House of Lords committee argues for "flexible approach" to immigration and labour

The House of Lords Economic Affairs Committee has published its report on Brexit and the Labour Market.

Findings include that increasing reliance has been placed upon the migration statistics to formulate and judge policy even though many of the available measures are "wholly inadequate" according to the authors of the report. In particular the International Passenger Survey "cannot bear the burden placed upon it".

The Government is committed in the long term to reducing net migration to the tens of thousands.

The committee said: "Using a strict annual numerical target runs the risk of causing disruption to businesses and the economy. Reducing net migration is likely to be best achieved by a flexible approach which can adapt to the needs of businesses and the labour market, in particular during any implementation period."

Horticulture has asked for a new Seasonal Agricultural Workers Scheme as it fears a labour shortage post-Brexit. Industry groups have met Defra and spoken to a Commons inquiry on the issue this year.

The House of Lords report includes a horticulture case study:

"Agriculture is reliant on a seasonal workforce. Around 80,000 seasonal workers are employed in horticulture and 13,000 seasonal workers in poultry. The National Farmers Union estimated the seasonal worker requirement in horticulture would increase to 95,000 by 2020.

"The West Sussex Growers Association said that without this workforce, 'it will not be possible to grow, harvest or pack many crops that are currently grown in Britain.' The Farming and Rural Issues Group South East said that filling such positions from the 'local indigenous workforce has proved to be impossible.'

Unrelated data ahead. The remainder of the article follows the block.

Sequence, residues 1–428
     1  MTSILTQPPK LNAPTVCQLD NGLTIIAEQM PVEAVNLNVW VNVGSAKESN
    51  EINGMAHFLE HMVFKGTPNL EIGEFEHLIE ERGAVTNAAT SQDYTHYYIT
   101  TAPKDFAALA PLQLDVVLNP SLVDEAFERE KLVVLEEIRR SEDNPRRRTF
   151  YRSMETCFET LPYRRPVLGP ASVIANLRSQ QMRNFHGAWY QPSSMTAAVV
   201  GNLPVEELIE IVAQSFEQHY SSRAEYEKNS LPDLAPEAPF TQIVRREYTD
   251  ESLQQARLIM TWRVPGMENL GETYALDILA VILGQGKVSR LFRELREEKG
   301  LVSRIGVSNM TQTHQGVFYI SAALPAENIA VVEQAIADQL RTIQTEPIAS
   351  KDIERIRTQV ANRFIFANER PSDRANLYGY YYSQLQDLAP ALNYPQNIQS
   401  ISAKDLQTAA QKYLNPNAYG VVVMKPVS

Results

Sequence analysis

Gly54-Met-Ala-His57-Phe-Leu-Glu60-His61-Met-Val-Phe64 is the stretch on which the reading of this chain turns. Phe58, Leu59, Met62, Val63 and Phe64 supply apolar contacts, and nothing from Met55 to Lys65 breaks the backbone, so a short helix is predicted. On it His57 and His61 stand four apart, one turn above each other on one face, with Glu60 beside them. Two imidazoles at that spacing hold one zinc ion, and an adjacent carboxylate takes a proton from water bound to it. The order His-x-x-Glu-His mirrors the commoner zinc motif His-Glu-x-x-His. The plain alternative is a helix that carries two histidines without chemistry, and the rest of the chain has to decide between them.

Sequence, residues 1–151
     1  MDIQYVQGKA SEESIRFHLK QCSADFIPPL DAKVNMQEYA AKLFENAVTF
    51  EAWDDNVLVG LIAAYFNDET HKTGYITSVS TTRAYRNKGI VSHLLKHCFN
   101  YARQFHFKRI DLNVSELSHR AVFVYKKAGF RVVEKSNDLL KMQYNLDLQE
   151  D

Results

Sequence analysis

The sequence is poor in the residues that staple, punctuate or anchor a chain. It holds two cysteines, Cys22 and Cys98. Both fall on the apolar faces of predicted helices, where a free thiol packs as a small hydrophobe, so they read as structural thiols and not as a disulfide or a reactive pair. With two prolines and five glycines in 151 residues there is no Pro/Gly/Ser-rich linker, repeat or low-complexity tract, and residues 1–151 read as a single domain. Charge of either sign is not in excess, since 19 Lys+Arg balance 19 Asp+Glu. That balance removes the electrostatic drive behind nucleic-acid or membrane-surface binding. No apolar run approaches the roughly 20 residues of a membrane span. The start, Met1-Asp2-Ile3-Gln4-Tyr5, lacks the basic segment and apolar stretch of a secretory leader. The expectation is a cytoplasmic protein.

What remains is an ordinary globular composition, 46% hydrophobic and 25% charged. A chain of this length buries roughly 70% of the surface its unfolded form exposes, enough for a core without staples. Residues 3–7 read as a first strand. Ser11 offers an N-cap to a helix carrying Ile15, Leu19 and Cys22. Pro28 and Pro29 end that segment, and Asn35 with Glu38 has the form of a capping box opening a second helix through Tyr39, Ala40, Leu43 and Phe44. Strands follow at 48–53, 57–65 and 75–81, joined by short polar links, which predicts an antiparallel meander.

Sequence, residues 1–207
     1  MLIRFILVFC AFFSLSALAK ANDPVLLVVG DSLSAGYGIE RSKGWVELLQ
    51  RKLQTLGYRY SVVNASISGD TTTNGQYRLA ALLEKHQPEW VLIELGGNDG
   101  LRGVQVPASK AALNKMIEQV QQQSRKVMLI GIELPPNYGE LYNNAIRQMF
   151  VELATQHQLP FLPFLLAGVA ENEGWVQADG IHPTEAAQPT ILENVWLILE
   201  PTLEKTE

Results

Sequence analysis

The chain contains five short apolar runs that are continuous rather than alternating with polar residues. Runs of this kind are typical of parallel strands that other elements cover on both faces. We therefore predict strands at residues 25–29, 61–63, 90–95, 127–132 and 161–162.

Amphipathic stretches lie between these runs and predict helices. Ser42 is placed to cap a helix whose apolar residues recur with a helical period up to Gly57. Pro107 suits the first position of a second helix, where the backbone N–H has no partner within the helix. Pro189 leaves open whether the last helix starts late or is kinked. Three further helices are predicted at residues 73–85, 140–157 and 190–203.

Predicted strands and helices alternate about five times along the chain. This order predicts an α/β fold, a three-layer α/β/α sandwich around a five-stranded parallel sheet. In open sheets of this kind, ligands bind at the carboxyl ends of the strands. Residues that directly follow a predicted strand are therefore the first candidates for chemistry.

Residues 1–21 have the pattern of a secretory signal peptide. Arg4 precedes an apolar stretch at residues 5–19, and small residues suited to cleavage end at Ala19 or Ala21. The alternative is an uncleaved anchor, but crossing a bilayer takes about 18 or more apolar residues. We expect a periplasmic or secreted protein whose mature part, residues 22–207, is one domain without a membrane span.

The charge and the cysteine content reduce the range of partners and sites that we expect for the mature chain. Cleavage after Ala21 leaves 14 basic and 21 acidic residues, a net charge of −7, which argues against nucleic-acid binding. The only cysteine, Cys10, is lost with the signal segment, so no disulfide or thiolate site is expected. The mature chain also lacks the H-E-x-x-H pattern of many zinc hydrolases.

"NFU's Minette Batters said there were not enough people in the country to do these jobs, citing Herefordshire as an example where there is a need for 3,500 seasonal workers but there are only 400 unemployed people in the county.

"The Seasonal Agricultural Workers Scheme operated in the UK for 60 years until it was closed in 2014 as EU labour was thought to be sufficient to meet the needs of the sector. Representatives from the industry called for the Government to reintroduce the scheme once a new immigration regime came into force.

"The Minister for Immigration said 'there may well be situations where we need to bring people in' and gave seasonal workers in agriculture as an example, 'however, that will all be part of the settlement [with the EU].'"

An implementation period when EU workers can be employed easily is particularly important for sectors with a high turnover of staff, such as social care and nursing, the House of Lords report adds.

It will also be necessary if the Government is to achieve some of its other policy aims, such as building sufficient numbers of new homes or boosting investment in infrastructure, given the current shortages in the construction industry.

Once the Government has improved figures on the number of students who leave the UK at the end of their studies, it should no longer include students in any short-term net migration figures for public policy purposes.

In order to address the problem with the migration data the Committee recommends the Government should:

  • Use information relating to the economic activity of immigrants – such as paying tax or receiving benefits – to gain a clearer understanding of how long migrants stay in the UK.
  • Explore how information from exit checks, which have been reintroduced, can be combined with other information. This should help to address the unreliability of the International Passenger Survey (IPS).
  • Devise a better way of accounting for the departure of international students. The current approach cannot calculate, with any precision, how many students stay at the end of their degree.

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